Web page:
June 8

Forget 140 characters, describe Twitter in 1 word!

Social Media


Guest blog by Paul Allen

You often read just how effective Twitter is at driving traffic to the destination of your choice, but I guess I never realised just how good it could be!

Rightly or wrongly, it appears to me that businesses using Twitter in the UK are using it in one of two ways, either as a giant networking tool or more frustratingly, as a platform to broadcast constant sales messages.


For my business, Twitter has been a revelation. In addition to highlighting opportunities that I never knew existed, I have made some interesting contacts, met some interesting people and yes, even won some business! Interestingly, when demonstrating Twitter’s potential to clients I often see a similar spark of excitement in their eyes when they realise what it can do for their business.

When talking to businesses about prospecting, I have often said that I loved the “intrusive” nature of Twitter, but following my first meeting with new twitter friend (twiend?) Linda Cheung she challenged my use of the word.

Linda was uncomfortable that the word implied unwelcome almost sinister. On reflection I agree with her, but if not intrusive what would be the correct adjective to describe the power of Twitter?


I love the fact that when you engage with your community, the message seems to spread far wider than you would expect and I love the fact that people often respond immediately. I can recall two recent examples that illustrate the power of Twitter. Recently a friend rang me asking if I knew a photographer who would be free that evening to take pictures of an event. I tweeted the request and within the hour had the name and number of a local photographer who went on to do a great job. Similarly, I used Twitter to demonstrate to a potential client why they needed a Social Media profile for their business. During the appointment, I sent out a tweet asking if anyone could recommend an office cleaning company on the Hampshire/Berkshire border. Within minutes three replies listed each of their main competitors!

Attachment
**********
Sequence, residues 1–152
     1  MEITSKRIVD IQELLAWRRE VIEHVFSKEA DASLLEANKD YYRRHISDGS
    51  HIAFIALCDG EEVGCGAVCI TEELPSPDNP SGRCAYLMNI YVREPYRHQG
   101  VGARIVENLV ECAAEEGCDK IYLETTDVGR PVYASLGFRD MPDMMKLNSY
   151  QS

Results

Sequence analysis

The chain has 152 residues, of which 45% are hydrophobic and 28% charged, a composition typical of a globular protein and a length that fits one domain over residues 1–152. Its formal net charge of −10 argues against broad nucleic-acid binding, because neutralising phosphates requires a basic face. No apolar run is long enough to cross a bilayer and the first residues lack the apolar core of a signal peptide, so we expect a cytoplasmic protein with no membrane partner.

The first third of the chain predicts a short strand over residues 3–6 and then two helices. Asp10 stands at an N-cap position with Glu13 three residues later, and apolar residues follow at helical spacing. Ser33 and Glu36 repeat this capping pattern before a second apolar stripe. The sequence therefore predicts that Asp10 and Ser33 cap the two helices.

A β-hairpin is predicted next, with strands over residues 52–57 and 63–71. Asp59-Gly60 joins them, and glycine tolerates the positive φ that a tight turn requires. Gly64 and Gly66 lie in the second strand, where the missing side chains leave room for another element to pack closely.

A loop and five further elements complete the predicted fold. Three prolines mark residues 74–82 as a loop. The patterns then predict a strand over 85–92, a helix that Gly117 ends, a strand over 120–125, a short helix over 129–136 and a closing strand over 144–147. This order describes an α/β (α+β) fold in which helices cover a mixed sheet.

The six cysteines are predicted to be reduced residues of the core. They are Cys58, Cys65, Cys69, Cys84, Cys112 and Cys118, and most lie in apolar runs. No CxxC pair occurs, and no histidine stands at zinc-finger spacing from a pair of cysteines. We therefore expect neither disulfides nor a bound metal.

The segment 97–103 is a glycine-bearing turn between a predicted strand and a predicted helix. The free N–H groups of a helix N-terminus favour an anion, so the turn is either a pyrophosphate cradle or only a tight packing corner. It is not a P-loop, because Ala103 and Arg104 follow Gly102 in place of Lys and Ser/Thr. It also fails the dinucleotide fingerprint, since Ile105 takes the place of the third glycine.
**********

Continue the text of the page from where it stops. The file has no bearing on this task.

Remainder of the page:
Similarly, over a period of time I became aware that in the tweeting process I was unwittingly segregating my followers into sub groups who would be interested in particular types of messages. I assumed that when talking about Social Media, I would be reaching one particular profile of person (Tweep?) and when chatting about football or similar personal interests I would be talking to a different section of my community. What I learnt very quickly was not to trust my intuition, or try to second guess my followers! Furthermore it was amazing to see just who and how many were happy to introduce me to others who they thought would also find my tweets interesting and informative.


Several weeks ago I was working intensively on Twitter and Facebook activity with one of my clients, an interior designer. We had taken a long hard look at her customer base listened to the reasons why they used her services and defined her target market. We began to build and engage a following of people likely to be interested in her & her work. To support the engagement principle we devised a large number of helpful design hints and tips designed to not only assist homeowners with their own efforts but hopefully to spark an online debate. Each tweet contained a link to her Facebook page which we had populated with photos and videos of her recent work. On studying the analytics after just one week, we were staggered to see that just 15 tweets had driven 222 visits to her Facebook page which also resulted increased “likes” to the page.


As a former broadcaster, I constantly compare the development of Twitter with the great days of UK radio back in the 1970’s. It was true that communities built up around particular broadcasters and programmes. The best broadcasters developed two-way communication with their audiences (Noel Edmonds “Dingly Dell”) and as a result great things were achieved often in the name of charity, but the difference here surely is the global power of the Twitter community?

So if the adjective to describe the power of Twitter is not “intrusive” then what would it be, perhaps it is without comparison? Certainly, as its popularity and influence grows, it continues to surprise and amaze and I guess the message here is if you properly engage with your community then expect the unexpected.

Paul Allen is a social media marketer helping businesses engage with new and existing customers via new media. He is also matchday host at Reading FC.

About the author 

Linda Cheung

Advising innovative companies on marketing and growth strategies. Founder at CubeSocial, Advisor at Oxford Innovation, Board member at Enterprise M3, Mentor at SETsquared.

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